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Hundreds of thousands of US troops remain unvaccinated as deadlines near

Hundreds of thousands of US troops remain unvaccinated or only partially vaccinated against the coronavirus as the first deadline for inoculations approaches, according to the Washington Post.

In August, the Pentagon announced it would require all service members to get inoculated, but allowed the service branches to set individual vaccination deadlines.

While active-duty Army soldiers have until Dec. 15, Reserve and National Guard units have until June 30, 2022. For active-duty sailors and Marines the deadline is Nov. 28 and for reservists it is Dec. 28.

Meanwhile, active-duty Air Force and Space Force guardians have until Nov. 2, whereas Air Force reservists and Guard troops have until Dec. 2. In the Air Force alone, 60,000 personnel have not been fully vaccinated yet.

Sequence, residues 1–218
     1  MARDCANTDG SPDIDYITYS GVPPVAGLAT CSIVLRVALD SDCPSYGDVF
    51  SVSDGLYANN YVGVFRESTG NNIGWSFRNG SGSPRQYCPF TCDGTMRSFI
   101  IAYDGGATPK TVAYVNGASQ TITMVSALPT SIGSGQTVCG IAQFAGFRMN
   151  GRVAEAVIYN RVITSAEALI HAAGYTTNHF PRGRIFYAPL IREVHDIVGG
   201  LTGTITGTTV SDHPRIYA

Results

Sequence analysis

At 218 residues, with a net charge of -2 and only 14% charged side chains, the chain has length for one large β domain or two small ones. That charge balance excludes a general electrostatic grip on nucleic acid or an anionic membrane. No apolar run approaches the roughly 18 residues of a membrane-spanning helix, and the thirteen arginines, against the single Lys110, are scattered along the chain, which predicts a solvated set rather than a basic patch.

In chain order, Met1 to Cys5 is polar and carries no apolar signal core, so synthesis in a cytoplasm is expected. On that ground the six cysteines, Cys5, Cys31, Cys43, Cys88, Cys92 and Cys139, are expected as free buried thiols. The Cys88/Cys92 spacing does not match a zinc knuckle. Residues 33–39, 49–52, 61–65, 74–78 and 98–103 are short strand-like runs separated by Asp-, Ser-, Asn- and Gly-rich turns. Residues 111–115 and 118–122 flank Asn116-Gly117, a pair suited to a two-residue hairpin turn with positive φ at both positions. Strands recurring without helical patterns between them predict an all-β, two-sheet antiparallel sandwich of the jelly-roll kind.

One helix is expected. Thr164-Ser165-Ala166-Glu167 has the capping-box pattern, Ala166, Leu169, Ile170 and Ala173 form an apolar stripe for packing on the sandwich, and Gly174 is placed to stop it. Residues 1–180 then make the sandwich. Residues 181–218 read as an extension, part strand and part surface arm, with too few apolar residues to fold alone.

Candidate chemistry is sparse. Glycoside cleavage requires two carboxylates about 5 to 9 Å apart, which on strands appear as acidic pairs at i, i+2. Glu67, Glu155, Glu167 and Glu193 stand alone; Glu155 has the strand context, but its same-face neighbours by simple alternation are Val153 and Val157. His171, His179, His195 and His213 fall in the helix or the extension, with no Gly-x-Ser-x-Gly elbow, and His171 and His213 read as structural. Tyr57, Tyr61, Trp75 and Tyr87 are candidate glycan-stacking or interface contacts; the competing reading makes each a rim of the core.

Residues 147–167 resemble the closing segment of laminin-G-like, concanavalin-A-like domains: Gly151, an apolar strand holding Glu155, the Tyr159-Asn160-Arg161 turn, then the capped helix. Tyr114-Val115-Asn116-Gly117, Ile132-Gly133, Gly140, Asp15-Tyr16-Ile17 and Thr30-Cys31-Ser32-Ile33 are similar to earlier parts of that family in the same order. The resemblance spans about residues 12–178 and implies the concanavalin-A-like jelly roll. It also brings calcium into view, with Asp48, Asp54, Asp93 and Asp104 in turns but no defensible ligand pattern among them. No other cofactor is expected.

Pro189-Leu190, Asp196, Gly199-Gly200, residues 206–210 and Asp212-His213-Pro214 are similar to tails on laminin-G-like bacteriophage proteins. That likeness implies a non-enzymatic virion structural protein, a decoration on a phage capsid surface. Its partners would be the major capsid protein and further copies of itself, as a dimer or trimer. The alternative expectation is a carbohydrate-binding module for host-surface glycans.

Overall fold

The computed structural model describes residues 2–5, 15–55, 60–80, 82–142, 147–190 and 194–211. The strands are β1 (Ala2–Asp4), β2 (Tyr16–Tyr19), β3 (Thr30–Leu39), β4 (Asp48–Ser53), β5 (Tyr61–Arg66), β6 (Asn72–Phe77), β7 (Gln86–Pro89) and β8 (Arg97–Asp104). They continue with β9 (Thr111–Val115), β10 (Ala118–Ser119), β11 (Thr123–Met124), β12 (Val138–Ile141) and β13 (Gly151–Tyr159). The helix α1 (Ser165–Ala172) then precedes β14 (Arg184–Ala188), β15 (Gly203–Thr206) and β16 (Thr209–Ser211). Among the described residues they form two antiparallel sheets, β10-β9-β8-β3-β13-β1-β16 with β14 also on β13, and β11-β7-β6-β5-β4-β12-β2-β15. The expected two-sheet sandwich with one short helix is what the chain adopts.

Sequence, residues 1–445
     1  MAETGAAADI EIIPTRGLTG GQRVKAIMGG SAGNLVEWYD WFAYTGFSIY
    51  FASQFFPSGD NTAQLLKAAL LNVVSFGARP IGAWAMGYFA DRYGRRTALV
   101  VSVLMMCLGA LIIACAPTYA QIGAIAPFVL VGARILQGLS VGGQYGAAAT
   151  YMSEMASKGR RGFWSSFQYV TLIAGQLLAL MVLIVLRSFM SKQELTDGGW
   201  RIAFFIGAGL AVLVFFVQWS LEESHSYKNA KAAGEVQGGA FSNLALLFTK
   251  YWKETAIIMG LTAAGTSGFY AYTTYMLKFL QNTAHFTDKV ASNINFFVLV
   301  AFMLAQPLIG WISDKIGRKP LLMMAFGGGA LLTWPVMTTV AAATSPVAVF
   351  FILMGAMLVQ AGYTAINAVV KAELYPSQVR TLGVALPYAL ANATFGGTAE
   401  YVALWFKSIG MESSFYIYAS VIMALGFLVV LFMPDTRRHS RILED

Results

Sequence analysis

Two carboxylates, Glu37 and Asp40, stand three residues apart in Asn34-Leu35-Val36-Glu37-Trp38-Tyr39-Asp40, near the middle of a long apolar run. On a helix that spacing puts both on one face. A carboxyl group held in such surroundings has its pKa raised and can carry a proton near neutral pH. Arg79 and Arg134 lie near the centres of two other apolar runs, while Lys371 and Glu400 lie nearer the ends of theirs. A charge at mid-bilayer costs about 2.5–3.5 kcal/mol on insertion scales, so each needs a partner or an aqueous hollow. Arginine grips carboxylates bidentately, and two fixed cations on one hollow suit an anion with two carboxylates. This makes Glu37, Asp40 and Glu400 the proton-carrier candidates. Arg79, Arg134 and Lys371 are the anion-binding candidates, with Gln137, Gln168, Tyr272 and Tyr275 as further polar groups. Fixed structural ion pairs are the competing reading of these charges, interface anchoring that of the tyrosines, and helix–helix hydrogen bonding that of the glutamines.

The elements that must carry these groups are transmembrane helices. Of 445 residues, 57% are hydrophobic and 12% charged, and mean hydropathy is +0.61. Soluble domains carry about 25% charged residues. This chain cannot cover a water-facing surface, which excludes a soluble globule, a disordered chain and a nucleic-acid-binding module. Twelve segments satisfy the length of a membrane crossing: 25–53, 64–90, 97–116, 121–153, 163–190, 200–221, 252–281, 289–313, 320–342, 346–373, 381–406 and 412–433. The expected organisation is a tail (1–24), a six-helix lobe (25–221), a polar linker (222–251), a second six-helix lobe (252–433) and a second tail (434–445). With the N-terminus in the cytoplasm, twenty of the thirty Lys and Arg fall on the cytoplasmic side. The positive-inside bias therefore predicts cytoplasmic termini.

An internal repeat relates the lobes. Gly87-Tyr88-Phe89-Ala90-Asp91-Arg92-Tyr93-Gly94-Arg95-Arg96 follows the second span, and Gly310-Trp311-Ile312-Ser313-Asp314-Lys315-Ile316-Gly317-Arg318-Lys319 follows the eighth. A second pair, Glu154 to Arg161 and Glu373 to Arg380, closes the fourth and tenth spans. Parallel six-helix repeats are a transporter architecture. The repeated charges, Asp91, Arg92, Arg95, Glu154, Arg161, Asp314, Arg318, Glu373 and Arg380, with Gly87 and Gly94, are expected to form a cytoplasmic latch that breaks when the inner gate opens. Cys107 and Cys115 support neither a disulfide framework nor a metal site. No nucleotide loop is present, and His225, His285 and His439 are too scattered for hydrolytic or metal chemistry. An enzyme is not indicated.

According to the Post, COVID-19 deaths among US military members spiked in the past few months as some services struggle to inoculate their troops.

The Pentagon says an increase in military infections, hospitalizations and deaths mirrored the disastrous summer spike across the US as the virus’s delta variant became the dominant strain and affected younger, unvaccinated people particularly hard.

Since the start of the pandemic, nearly a quarter-million service members have been infected with the virus, according to Pentagon data, including over 2,000 who were hospitalized.

In July, President Joe Biden announced a vaccine requirement for federal government workers and the US Office of Personnel Management said last week the federal vaccine mandate could be enforced starting Nov. 9.

Meanwhile, the Army defended its June deadline for vaccinations for Reserve and Guard members, telling the Post the date was symptomatic of the Army’s size relative to the other branches.

“We expect all unvaccinated soldiers to receive the vaccine as soon as possible. Individual soldiers are required to receive the vaccine when available,” Army spokesperson Lt. Col. Terence Kelley said.

However, Rep. Ruben Gallego (D-Ariz.), a member of the House Armed Services Committee, described the Army setting this deadline nearly a year away as “jarring.”

“I think the Army needs to take this seriously and their effort to explain away the problem” is irresponsible, Gallago told the Post. “You’re allowing a lot of room for people not to be deployable.”

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